July 1, 1925 – Maywood, Illinois
August 16, 1925 – Cleveland
July 8, 1927 – Hadley Field, New Jersey
At 3:45 p.m. on March 3, 1927, Stephen Kaufman crashed a Douglas M-1 airmail airplane while attempting a take off from Bellefonte, Pennsylvania's airmail field. The airplane could not leave the ground due to the extra weight it was carrying of snow and ice on its wings, and Kaufman was forced to fly through a fence at the end of the field. On March 28, he complained about the type of propeller used on the Douglas M-1 airplane, saying that it helped contribute to the problem. "I would also say that the Pittsburgh Steel Propeller was very inefficient in regards to taking a ship off of a small or muddy field."
Earlier that year, on January 24, 1927, Kaufman was flying another Douglas M-1 aircraft from Cleveland, Ohio, bound for Chicago, Illinois. Fog had reduced the ceiling to 800 feet. He was flying at 8,000 feet to get above the clouds. After an hour and forty minutes of flying, his motor began to choke. As he came down, the ceiling had been reduced to only 500 feet. Fortunately, the ground was low and he was able to land on rough but flat land.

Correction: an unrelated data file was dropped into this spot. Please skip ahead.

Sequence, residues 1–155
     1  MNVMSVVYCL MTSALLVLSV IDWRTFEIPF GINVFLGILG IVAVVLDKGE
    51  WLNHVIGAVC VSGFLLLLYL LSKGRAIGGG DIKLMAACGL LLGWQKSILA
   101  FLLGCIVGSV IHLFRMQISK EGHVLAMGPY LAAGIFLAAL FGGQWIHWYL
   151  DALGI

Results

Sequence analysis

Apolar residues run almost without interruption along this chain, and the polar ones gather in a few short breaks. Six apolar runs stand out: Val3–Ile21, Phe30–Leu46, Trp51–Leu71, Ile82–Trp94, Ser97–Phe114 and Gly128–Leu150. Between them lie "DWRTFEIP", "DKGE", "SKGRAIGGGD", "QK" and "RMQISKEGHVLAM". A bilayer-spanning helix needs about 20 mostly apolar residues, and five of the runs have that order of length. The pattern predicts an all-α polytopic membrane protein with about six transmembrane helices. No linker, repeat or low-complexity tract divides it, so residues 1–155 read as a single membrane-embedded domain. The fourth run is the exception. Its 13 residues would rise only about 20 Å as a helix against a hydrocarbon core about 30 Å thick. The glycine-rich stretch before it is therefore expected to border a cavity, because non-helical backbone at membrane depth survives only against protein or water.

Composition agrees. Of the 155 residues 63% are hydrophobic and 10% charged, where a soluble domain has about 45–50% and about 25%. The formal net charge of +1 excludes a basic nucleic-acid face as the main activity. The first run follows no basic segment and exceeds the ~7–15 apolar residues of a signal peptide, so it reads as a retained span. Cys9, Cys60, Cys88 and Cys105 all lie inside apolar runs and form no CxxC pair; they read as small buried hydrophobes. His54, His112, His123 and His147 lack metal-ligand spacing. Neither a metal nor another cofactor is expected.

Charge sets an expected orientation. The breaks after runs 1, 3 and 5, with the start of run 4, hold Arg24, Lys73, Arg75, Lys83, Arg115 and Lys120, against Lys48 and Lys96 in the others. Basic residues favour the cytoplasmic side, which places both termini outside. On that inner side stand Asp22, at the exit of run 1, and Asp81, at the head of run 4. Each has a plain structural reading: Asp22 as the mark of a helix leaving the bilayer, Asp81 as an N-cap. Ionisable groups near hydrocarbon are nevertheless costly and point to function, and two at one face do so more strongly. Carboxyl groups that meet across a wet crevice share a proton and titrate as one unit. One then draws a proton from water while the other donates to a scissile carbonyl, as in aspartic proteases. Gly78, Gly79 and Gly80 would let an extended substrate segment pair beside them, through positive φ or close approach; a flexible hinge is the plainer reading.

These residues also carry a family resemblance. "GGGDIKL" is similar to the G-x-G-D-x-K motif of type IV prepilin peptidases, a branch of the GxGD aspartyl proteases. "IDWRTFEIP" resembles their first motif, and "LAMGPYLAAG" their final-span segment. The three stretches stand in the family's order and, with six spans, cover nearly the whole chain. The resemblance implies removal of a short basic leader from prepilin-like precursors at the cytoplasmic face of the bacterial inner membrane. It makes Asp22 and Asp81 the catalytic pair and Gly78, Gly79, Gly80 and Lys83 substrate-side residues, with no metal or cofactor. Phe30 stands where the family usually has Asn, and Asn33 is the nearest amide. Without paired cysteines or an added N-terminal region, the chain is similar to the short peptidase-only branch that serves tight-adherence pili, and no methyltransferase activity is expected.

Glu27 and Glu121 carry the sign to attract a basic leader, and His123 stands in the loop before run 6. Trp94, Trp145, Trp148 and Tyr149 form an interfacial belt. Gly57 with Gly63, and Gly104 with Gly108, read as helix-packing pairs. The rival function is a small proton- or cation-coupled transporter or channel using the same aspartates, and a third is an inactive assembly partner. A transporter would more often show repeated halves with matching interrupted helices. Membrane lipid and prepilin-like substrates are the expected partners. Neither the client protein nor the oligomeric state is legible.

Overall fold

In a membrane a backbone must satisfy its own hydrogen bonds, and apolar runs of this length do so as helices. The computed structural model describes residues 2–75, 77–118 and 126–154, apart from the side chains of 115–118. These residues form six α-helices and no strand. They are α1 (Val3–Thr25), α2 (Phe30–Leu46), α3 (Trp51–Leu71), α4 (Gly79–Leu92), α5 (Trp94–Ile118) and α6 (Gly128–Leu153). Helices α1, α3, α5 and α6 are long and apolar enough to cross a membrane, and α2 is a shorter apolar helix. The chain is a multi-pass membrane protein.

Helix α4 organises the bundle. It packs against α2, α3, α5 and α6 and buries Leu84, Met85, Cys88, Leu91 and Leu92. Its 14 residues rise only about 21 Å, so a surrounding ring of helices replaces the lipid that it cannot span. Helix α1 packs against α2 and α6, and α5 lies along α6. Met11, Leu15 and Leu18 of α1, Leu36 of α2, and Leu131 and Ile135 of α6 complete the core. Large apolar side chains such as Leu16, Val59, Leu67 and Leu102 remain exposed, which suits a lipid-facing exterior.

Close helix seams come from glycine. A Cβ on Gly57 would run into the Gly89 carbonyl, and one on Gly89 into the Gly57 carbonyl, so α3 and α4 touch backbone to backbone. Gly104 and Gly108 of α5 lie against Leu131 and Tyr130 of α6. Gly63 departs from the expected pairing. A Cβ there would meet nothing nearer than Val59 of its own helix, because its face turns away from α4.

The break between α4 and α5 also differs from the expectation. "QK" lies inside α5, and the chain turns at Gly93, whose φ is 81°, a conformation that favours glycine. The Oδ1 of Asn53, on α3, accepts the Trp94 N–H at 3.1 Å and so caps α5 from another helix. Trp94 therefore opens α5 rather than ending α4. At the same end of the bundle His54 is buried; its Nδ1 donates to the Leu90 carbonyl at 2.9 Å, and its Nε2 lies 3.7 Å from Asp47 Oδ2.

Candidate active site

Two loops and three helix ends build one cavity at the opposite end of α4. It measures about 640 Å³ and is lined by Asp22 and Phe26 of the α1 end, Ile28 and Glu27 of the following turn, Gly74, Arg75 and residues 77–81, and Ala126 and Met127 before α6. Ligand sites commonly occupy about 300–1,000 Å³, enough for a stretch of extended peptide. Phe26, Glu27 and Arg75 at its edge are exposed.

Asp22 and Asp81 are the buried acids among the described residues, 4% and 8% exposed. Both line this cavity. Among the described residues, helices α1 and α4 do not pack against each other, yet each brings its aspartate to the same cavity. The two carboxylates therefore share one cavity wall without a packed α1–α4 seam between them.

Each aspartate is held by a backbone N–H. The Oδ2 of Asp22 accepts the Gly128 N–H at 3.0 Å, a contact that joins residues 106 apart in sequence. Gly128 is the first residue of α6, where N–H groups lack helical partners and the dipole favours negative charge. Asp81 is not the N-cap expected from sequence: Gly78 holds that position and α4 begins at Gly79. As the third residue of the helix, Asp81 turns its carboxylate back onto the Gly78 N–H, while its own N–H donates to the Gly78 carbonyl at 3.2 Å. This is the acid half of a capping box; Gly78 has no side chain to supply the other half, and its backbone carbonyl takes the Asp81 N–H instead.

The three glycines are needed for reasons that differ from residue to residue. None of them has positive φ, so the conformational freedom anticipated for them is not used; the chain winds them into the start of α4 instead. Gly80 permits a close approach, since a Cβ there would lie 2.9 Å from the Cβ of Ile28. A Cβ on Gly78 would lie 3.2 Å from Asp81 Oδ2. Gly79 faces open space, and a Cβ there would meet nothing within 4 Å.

In 1929, Kaufman joined with other pilots, including fellow ex-airmail pilot Ernest M. Allison, to fly for Harry Smith's newly formed China National Airways Corporation.
In this forced landing report of April 7, 1926, Kaufman notes that bad weather, specifically fog and rain, forced him down and kept him grounded over night. Although he makes no mention of it on this report, his first duty once on the ground was to determine the quickest way to keep the mail moving.
The pilots were told to hire someone to watch the airplane at any time they were not able to do so themselves while it was grounded. Kaufman hired a watchman for 10 hours at 35 cents per hour. The aircraft had to be watched at all times, or souvenir hunters and curiosity seekers would damage the airplane.
- Courtesy of the National Archives and Records Administration